Can I blame the media? Why not! They still don’t seem to get the virtual world.
Believing what you read
I was scouring my Google news alerts this morning and came across The Top 8 Second Life Virtual Businesses in PC Advisor. This is a great example of the kind of confusing messages people are getting from the press. Anybody who lives in a virtual world knows what a virtual business is.
Unfortunately, PC Advisor doesn’t seem to. Half the companies it lists are technology companies: Sun, Cisco, IBM, and Dell. It didn’t even mention a virtual business, such as Anshe Chung, the top “virtual business” by anyone’s measure.
I don’t know how anyone curious about Second Life can possibly figure out what’s what with such press stories abounding. It’s not just PC Advisor. I’m sure it meant well and tries its best. But my guess is that the journalist who wrote the story doesn’t even have a virtual life. That’s the problem. Until you live in Second Life for a while, and discover what’s virtual and what’s not, it’s hard to have a good perspective.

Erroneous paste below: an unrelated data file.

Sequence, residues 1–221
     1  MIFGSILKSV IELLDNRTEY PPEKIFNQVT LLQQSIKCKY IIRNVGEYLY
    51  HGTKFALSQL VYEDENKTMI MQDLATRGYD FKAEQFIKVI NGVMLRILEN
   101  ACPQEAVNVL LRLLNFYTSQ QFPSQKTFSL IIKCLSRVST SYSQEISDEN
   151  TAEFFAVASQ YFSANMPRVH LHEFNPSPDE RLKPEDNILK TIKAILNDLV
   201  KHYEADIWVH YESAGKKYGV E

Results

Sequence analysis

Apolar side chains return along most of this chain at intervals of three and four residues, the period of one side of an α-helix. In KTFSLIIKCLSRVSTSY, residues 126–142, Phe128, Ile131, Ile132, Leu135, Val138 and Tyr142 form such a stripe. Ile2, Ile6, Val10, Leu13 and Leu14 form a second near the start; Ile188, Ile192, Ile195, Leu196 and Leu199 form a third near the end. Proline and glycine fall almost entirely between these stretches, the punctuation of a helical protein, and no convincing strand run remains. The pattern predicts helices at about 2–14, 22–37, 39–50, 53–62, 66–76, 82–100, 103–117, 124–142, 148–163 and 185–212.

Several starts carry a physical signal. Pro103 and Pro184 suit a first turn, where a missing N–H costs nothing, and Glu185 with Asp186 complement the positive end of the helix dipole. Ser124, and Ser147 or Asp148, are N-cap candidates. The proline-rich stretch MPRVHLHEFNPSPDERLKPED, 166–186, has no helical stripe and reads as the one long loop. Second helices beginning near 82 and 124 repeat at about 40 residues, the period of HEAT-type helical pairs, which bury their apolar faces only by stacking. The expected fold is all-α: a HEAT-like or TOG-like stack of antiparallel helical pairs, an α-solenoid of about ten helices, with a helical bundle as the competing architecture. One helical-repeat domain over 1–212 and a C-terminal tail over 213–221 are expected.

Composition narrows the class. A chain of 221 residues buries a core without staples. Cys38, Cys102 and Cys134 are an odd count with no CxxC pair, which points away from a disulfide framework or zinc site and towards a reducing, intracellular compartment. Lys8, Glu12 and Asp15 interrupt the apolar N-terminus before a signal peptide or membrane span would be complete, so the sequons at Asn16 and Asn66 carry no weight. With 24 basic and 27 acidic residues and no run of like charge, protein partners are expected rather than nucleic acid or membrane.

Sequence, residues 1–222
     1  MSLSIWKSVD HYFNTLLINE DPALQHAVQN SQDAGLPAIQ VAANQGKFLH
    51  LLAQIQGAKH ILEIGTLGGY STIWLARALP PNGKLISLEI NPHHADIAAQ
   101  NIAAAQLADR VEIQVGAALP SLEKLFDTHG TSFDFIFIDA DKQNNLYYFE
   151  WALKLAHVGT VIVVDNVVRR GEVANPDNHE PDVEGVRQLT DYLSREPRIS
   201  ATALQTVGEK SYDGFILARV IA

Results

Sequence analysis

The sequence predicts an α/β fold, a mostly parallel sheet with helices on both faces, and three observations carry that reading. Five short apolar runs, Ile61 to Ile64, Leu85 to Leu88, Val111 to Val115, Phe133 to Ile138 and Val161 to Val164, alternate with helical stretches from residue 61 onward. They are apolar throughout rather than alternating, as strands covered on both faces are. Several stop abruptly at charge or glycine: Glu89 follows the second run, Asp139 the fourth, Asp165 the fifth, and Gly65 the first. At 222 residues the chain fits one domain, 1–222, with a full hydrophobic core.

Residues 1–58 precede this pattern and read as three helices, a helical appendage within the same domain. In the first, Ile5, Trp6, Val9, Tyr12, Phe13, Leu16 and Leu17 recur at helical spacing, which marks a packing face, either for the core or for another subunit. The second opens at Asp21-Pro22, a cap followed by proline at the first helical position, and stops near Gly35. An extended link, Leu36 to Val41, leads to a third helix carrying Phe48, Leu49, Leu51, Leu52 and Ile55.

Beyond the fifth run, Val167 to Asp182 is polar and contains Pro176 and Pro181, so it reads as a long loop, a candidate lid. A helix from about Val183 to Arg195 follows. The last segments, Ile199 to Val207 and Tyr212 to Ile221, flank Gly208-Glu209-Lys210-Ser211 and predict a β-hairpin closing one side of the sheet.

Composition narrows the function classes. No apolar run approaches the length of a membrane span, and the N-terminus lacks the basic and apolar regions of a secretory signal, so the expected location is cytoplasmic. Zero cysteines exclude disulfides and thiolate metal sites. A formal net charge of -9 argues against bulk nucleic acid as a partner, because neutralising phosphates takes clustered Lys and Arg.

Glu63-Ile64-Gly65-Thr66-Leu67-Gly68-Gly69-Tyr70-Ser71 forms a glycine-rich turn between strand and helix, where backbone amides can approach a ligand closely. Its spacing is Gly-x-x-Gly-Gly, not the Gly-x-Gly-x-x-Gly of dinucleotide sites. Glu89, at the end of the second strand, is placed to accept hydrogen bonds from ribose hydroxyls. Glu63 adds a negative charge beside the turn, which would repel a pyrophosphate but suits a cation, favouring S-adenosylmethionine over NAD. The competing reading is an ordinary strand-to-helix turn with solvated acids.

We have a small virtual business. Last night, I had a great meeting with Paisley Beebe. I met her team of producers and designers working on her new show, which will air on SLCN later this month. It was a great meeting, even if I put my foot in my mouth a few times, as I usually do.
Paisley set up a great office on the SLCN Studio back-lot. It’s cozy but professional, and I am impressed with her team. It’s a virtual team, with virtual people working at creating virtual content on a virtual cable network.
Afterwards we went out dancing to some club Ember (one of the team members) suggested. I don’t dance in real life, but I am a great dancer in Second Life. Dancing is the virtual equivalent of “going out for drinks after work”. But no hangover, just pure enjoyment.
People often ask me what Second Life is all about and why anybody would bother. I try to provide explanations, examples, analogies. Maybe the answer is simpler: Try dancing.
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